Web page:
We have written a research report which walks through how we might build linked open data (LoD) about carbon savings from dissimilar data sources.
It outlines (using small samples from the datasets) how the data pipeline that feeds our prototype-6 webapp, works.
Over the weekend (2-3 Sept 2021), I represented our DCS project at SODU 2021
– Scotland’s annual conference on Open Data.
Organised and run by the Code the City
team, this event always provides a great opportunity to catch up with others in Scotland’s friendly Open Data community, and hear about their news.
This year, for me, its highlights included:
- A “corridor chat” that began ad-hoc, about the preservation of railway history as represented by its data records (mostly paper based).That lead us to discuss Git persistence, the zeitgeist for shared ledger databases with explicit temporal support, and what all of that might mean for recording Open Data!
- Then, a session on the perhaps more immediate concern of: how to nudge the government into making open, more of the data which it holds. Proposed was the neat idea of aggregating, curating and making searchable all of the responses arising from FOI-requests to local and national government. This would help highlight data that that the government should be making open by default.
- And it was heartening to see representatives from the Scottish government’s Open Data team attending the conference and running an engaging session that brought together government and community perspectives. The government’s recent initiative to “make public sector data easy to find” was one of the topics discussed.
- The conference even gained an international dimension when two attendees joined us from Sweden to help run a live editing session on Wikidata, contributing to the project to add better data about Scottish government agencies into Wikidata.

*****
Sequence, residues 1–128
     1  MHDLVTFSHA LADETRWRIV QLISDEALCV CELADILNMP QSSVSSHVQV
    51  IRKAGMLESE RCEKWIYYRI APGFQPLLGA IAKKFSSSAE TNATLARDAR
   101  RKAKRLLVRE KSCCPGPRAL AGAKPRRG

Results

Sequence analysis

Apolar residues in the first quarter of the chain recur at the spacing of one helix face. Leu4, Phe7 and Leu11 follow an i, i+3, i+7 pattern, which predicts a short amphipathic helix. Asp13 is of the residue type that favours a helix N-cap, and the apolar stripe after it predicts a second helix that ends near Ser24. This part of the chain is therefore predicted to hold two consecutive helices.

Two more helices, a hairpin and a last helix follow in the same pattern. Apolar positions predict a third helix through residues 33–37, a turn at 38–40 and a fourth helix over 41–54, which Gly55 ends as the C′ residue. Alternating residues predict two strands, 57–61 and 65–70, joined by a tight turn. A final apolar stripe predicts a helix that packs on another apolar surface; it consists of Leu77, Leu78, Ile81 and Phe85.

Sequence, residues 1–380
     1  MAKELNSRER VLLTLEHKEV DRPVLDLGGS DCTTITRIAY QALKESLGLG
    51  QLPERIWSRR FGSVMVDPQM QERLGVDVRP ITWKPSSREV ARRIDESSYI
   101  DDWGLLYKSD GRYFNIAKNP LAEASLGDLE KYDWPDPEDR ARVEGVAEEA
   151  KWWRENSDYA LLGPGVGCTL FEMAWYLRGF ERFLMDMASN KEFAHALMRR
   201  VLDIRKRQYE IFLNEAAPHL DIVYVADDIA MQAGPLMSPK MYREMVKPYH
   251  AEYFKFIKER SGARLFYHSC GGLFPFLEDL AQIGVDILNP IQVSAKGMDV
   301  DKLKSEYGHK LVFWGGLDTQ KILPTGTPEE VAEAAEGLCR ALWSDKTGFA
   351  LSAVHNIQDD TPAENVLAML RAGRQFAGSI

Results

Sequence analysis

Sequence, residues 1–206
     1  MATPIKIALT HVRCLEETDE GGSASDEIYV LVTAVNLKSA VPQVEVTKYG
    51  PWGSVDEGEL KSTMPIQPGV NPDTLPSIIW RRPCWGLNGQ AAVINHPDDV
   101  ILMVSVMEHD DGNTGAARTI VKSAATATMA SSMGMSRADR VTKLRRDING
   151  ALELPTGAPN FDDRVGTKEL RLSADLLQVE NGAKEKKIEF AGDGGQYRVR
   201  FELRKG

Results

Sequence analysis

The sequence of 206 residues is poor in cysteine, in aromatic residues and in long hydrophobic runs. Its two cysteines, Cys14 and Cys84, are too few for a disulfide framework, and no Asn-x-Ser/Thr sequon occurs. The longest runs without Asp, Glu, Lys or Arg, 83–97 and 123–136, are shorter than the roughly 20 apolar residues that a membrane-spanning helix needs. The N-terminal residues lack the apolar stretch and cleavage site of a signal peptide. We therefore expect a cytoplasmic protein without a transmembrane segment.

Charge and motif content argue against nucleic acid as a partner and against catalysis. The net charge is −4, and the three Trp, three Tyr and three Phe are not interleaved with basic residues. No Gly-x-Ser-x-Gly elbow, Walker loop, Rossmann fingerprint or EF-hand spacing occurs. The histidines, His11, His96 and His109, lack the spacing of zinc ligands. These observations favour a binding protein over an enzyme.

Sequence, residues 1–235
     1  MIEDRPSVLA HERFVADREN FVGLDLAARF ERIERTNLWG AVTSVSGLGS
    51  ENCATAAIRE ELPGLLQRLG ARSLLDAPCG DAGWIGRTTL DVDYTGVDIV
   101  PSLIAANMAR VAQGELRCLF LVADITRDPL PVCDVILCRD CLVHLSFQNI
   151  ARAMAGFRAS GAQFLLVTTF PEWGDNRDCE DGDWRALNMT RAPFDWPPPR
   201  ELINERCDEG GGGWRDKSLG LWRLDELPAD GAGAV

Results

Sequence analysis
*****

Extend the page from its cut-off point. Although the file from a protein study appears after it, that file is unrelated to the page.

- Our own project received some valuable feedback after I demo-ed our latest prototype website.This wasn’t just all affirmative!… I got some useful insights into what what people found difficult. For example, “I like the site’s tools and visualisations but, more needs to be done to help me navigate my path-of-interest through the prototype website“. This nicely ties in with one of our project’s (as yet unrealised) goals: to weave interest-based navigation maps through our data site.
I enjoyed the friendly SODU sessions over the weekend – it was inspiring to hear what others are contributing towards making data more open and accessible.
This year’s SODU was online because of Covid-19. Hopefully next year it will return to its more physical manifestation in Aberdeen city!
What do households put into their bins and and how appropriate are their disposal decisions?
To help provide an answer to that question, Zero Waste Scotland (ZWS) occasionally asks each of the 32 Scottish councils to sample their bin collections and to analyse their content. This compositional analysis uncovers the types and weights of the disposed of materials, and assesses the appropriateness of the disposal decisions (i.e. was it put into the right bin?).
Laudably, ZWS is considering publishing this data as open data. Click on the image below to see a web page that is based on an anonymised subset of this data.